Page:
Facebook has modified its standards several times in response to pressure from advocacy groups — although the site has deliberately obscured those edits, and the process by which Facebook determines its guidelines remains stubbornly obtuse. On top of that, at least some of the low-level contract workers who enforce Facebook’s rules are embedded in the region — or at least the time zone — whose content they moderate. The social network staffs its moderation team in 24 languages, 24 hours a day.
It’s as if, eighty years ago, the operator wouldn’t allow your calls to your fishing buddies through because she herself was a vegan.
We need a more competitive internet, just like we once needed a more competitive telephone industry.
Only we need it way more. And sooner.
See also: Could Google sway an election? If so, how? American psychologist Robert Epstein explains how search engine rankings can be manipulated.
Twitter vs. religious conservatives? Enforcing rules against hate speech selectively is worse than not enforcing them at all.
Decision time for Facebook: Censor or no? But on whose behalf does the social media giant censor?

Denyse O’Leary is a Canadian journalist, author, and blogger.

It was said that Americans of the Victorian era were so prudish that they enveloped the legs of table and pianos with frilly garments to safeguard their modesty. This canard seems to have been the malicious invention of English novelist Frederick Marryat.
However, the mythical spirit of Victorian repression is alive and well in Italy, of all places. Last week Iranian president Hassan Rouhani paid a state visit to Rome to stitch up an US$18 billion trade deal. Much to the amusement of journalists at the press conference at the Capitoline Museums, classical nudes were covered with large boxes, presumably not to offend the Shi’ite dignitary.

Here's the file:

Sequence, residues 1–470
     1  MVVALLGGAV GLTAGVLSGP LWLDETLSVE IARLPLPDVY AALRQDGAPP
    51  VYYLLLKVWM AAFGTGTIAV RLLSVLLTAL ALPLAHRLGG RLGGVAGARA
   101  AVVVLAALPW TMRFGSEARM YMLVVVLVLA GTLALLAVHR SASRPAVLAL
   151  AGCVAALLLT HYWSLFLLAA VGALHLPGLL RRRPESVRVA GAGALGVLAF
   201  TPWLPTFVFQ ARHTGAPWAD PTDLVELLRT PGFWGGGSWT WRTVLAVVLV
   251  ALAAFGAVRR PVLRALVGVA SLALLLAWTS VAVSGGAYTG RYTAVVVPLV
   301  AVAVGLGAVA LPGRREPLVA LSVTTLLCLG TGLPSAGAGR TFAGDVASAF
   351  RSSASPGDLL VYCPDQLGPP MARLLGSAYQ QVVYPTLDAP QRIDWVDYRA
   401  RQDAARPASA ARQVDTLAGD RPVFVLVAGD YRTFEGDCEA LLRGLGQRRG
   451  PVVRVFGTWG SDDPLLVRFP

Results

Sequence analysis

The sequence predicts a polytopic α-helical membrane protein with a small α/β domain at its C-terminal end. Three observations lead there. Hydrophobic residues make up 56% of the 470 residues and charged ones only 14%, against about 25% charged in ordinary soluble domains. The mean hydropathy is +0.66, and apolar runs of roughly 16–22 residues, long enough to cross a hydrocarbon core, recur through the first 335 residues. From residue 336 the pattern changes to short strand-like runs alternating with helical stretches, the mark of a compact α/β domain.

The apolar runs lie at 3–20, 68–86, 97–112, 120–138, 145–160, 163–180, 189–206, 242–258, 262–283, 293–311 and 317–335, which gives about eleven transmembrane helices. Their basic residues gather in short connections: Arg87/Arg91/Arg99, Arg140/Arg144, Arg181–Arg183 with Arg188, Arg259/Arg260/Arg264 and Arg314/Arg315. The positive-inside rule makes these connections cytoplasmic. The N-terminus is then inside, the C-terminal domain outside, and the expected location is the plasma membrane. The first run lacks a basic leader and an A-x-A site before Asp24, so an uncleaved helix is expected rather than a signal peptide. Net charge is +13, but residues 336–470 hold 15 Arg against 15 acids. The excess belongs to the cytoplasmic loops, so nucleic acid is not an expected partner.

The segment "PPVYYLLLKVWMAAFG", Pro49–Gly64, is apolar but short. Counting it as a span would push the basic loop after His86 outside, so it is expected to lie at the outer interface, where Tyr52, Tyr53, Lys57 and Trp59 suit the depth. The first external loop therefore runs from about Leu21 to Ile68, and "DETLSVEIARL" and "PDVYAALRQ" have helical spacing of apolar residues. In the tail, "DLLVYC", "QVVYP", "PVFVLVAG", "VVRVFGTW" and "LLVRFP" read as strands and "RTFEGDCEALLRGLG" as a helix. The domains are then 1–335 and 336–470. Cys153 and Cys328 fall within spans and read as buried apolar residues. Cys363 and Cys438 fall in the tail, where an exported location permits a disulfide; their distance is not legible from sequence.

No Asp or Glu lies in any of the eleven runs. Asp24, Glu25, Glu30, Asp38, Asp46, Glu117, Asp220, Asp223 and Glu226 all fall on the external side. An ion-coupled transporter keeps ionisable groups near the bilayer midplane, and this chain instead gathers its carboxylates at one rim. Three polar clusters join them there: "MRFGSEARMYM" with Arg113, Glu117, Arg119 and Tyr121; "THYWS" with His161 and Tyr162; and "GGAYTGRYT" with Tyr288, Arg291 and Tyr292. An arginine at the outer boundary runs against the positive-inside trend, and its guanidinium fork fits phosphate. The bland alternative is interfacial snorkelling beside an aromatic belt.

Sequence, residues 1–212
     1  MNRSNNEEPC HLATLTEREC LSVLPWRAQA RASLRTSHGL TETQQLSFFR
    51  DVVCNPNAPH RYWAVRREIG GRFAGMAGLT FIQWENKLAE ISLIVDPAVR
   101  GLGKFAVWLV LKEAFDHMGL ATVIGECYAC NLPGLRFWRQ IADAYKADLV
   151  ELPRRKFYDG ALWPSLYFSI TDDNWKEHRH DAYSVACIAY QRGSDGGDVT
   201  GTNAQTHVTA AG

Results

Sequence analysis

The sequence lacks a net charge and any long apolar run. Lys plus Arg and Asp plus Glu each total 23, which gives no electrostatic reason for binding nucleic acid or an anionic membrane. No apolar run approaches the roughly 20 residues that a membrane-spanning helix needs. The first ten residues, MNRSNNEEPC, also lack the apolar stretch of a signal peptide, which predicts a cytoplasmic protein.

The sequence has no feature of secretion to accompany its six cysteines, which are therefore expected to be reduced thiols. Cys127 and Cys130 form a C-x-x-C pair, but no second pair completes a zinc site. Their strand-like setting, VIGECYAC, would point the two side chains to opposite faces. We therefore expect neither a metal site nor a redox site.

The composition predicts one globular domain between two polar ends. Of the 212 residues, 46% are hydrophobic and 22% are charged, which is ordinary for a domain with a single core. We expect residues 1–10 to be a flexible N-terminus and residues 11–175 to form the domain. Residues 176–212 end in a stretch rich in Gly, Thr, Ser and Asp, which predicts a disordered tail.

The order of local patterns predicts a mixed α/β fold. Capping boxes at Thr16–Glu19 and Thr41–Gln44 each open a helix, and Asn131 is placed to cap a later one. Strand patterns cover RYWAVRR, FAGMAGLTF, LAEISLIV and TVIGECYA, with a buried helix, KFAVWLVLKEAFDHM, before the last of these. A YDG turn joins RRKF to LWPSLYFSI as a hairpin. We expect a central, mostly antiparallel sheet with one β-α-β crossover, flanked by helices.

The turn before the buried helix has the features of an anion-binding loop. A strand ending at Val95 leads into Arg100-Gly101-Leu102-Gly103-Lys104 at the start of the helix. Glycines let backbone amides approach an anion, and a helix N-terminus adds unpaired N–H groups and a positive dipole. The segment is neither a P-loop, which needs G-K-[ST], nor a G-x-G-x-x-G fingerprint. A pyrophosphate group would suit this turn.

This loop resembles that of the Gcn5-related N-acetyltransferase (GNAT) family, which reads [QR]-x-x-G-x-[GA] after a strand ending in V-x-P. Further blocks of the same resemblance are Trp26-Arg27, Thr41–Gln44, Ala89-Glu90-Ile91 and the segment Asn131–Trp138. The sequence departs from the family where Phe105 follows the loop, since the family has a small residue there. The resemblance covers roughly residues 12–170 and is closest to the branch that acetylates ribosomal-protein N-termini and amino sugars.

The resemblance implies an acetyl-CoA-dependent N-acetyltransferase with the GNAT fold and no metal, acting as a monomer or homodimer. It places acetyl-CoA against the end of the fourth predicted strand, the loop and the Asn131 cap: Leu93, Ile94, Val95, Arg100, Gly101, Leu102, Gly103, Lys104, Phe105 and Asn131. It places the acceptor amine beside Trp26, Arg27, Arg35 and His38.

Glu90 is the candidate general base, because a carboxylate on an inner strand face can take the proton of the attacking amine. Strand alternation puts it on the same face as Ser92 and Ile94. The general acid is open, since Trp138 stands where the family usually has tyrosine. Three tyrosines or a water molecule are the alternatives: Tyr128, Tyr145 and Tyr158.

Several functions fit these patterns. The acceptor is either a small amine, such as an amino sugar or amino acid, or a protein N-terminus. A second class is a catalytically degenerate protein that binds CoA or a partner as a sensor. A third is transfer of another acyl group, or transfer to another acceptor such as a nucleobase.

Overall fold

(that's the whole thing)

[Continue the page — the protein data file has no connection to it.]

This is the sort of event which sends journalists into paroxysms of sarcastic hilarity and pitches op-ed contributors into lugubrious forecasts about a Muslim Europe. In fact, no one has taken responsibility for requesting or authorising the prudery packages.
Whatever the facts of the matter, MercatorNet contributor Chiara Bertoglio sees in the event an opportunity to reflect on the Judeao-Christian view of the human body. “Each one of us, even if we are old, ugly, fat or disproportioned,” she writes, “is a creature in whom God rejoices: in our Creator’s eyes, each one of our bodies is as beautiful as the perfect nudes of Classical sculpture.” Read her article below
Michael Cook

Chiara Bertoglio | FEATURES | 1 February 2016
Italy's nude sculptures cover-up exposes contrasting attitudes to the body.
Canadian euthanasia raises weighty conscience issues for doctors
Sean Murphy | FEATURES | 1 February 2016
Complicity in evil is a legitimate concern.
The Revenant
Luisa Cotta Ramosino | POPCORN | 1 February 2016
A masterful symphony on the tenacity of man - that never quite reaches the heart.
Is the internet losing freedom of speech?
Denyse O'Leary | CONNECTING | 1 February 2016
It’s as if your telephone company were your judge and jury, not the court system.
The health benefits of forgiving
Tamara El-Rahi | FAMILY EDGE | 1 February 2016
Forgiving may be hard but research says it’s worth it.
The homeless are aging too
Shannon Roberts | DEMOGRAPHY IS DESTINY | 1 February 2016
How will societal systems change to cope?